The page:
IJCRR - 5(12), June, 2013
Date of Publication: 28-Jun-2013
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KNOWLEDGE, ATTITUDE AND PRACTICES ON VOLUNTARY BLOOD DONATION AMONG COLLEGE STUDENTS IN BIJAPUR, KARNATAKA
Author: Arun Pulikkottil Jose, M. M. Angadi, K. A. Masali, Sowmya Bhat, Shashank KJ, Prashant Wajantri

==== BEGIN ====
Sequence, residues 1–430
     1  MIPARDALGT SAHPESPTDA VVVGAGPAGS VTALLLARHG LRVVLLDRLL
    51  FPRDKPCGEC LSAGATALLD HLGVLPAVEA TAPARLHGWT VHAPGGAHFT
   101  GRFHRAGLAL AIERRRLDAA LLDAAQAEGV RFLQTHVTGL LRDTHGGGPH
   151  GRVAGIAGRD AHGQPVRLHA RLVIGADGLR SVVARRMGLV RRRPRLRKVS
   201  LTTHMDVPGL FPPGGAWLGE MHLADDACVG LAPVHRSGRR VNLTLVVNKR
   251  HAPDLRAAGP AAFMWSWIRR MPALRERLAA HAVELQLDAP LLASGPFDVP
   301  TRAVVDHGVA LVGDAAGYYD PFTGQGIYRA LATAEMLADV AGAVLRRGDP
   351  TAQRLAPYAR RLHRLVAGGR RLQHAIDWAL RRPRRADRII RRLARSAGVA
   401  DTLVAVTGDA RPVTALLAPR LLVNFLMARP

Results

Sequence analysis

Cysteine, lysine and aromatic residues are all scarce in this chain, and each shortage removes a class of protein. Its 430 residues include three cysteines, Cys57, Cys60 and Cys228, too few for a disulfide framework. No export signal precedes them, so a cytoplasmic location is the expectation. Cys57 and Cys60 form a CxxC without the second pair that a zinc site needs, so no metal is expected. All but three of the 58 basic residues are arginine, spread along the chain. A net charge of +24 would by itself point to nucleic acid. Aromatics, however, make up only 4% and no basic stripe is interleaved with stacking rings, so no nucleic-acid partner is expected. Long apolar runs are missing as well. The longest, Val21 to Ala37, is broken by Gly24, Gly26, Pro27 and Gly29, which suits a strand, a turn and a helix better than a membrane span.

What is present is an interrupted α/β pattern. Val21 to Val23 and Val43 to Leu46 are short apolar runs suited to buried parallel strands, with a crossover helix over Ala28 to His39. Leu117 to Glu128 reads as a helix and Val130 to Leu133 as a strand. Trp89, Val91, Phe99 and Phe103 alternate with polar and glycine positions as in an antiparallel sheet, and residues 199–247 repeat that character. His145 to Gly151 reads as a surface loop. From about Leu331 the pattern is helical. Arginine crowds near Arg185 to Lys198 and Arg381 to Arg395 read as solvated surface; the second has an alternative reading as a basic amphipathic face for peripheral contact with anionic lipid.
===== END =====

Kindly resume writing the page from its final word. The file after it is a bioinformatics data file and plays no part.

Abstract:Background: Blood is scarce. Even with mankind's advances in the field of science, there is still no substitute for blood. Voluntary blood donation is the safest and most ideal method to meet the current shortage we face. College students are a good source of easily accessible, quality blood provided that they are sufficiently motivated and sensitized to the need. Objective: To assess the knowledge, attitude and practices on voluntary blood donation among first year medical college (Allopathic and Ayurveda) students. Materials and methods: The study was conducted on a total of 165 first year students of BLDEU's Shri B. M. Patil Medical College and A. V. S. Ayurveda Mahavidyalaya, Bijapur. A semi-structured questionnaire was used to obtain information regarding knowledge, attitude and practices regarding blood donation. Data was analyzed and presented in the form of percentages and figures. Results: All the students had an incomplete and inadequate knowledge regarding blood donation. Although 87% expressed their desire to donate blood, only 18% had donated before, of which only 14.5% were voluntary blood donations. 18% were not aware of their blood group. 66% felt that donors must be rewarded monetarily. 72% students felt the need of some form of motivation to convince them to donate blood. Conclusion: This study shows that the knowledge, attitude and practices regarding voluntary blood donation is dismal among first year medical students. Measures have to be taken to raise awareness and abolish the myths and fears linked to voluntary blood donation.